February 13, 2017
Filed under Op-ed
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My boyfriend gasped when I told him the population of my hometown. My town is small enough that trying not to run into someone you know requires a specialized set of skills (especially on days where you don’t feel like showering just to go to Walmart for one thing).
My town is small enough that when you make a friend in first grade, she will probably end up being your best friend for life. It was scary knowing I would be leaving her to go to college two and a half hours away with not a single friendly face to be found.
It’s been a semester since then, and I still find myself worrying about making more friends. Make no mistake, it is not just a West Chester University phenomenon. A friend from home told me about a girl that is transferring because she does not feel like she belongs at her college. It’s been a semester, people! Why are we rushing this process?
There is an unprecedented amount of pressure to immediately find a group of people to identify with. I’m not sure where this sense of urgency originated from.
What’s the rush? We hardly know each other yet! Are we that scared of being alone with ourselves? Maybe we are worried that if we don’t make friends immediately, it means we don’t belong here.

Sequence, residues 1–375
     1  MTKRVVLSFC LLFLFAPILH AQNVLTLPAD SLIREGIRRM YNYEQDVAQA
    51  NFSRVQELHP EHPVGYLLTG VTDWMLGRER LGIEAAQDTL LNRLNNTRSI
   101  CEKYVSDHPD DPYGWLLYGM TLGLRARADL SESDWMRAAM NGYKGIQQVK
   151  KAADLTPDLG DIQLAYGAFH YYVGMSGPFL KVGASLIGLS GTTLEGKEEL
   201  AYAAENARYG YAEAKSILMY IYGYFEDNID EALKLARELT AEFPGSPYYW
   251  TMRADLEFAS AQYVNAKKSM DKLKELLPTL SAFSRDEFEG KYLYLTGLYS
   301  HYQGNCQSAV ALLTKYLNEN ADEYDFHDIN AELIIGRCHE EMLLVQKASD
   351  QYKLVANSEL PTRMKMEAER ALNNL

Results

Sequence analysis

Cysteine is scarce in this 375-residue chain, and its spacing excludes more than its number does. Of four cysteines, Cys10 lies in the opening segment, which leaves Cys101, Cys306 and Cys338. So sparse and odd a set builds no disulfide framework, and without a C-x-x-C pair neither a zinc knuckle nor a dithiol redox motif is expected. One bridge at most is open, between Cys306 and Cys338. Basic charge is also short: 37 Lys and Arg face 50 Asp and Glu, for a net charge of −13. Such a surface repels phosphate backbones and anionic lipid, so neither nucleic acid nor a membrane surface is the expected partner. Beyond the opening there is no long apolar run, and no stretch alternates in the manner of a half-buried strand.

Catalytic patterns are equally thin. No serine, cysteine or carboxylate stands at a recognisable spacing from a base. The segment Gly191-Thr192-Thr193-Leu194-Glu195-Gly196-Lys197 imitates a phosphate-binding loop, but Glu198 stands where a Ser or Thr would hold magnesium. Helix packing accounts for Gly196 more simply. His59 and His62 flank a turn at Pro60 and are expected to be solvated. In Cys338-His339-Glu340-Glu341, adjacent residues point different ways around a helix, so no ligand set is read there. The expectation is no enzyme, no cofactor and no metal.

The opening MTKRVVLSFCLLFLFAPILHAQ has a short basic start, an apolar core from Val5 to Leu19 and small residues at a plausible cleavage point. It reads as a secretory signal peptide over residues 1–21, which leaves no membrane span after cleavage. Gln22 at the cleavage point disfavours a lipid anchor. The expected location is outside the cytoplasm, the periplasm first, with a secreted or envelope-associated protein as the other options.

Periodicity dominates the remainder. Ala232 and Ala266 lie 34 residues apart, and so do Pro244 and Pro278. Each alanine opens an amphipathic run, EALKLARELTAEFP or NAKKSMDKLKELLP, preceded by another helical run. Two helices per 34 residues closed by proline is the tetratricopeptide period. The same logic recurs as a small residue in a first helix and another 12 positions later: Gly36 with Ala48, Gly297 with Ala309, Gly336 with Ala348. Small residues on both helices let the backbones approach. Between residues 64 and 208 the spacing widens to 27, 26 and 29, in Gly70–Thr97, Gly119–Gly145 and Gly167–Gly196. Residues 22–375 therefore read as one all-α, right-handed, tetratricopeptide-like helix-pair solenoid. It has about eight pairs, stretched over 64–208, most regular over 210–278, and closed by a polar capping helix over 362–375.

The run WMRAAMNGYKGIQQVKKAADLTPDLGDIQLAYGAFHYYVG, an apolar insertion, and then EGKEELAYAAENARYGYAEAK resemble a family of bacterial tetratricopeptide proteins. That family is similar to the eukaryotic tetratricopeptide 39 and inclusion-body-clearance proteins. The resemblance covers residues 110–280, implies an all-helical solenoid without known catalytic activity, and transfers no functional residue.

We have begun to measure how much we belong in a community by how many friends we have within it. In essence, the more friends we have, the more connected we feel. That is not true!
The feeling of belonging is only something that can come from inside ourselves. It cannot, and should not, be measured in how many people we are friends with. While the two are not related, our mentalities place unnecessary pressure on ourselves, resulting in insincere friendships.
Personally, I am working on not worrying about the amount of friends I have and instead worrying more about who they are. I fear that we are getting impatient as we continue looking for friends, which leads to us settling for unhealthy friendships, and that is a mistake.
Don’t get me wrong, I don’t blame people for wanting to feel as if they belong. It’s human nature.
I am, however, worried that some of us are not tackling this issue in the right way. We are relying on friends to make us feel something that we can only find through our own self-reflection.
I’m slowly realizing that I cannot rely entirely on other people to make myself happy. More importantly, I’m realizing that it is okay (good, even) to rely on myself. Instead of using others for constant reassurance, we should find a way to assure ourselves.
Friends are lovely, but they can’t fulfill every single one of our needs, nor should they be asked to. The only thing that matters is that we know in our hearts that we belong here, because I promise, we do.
Casey Meyer is a first-year student majoring in English literature. She can be reached at [email protected]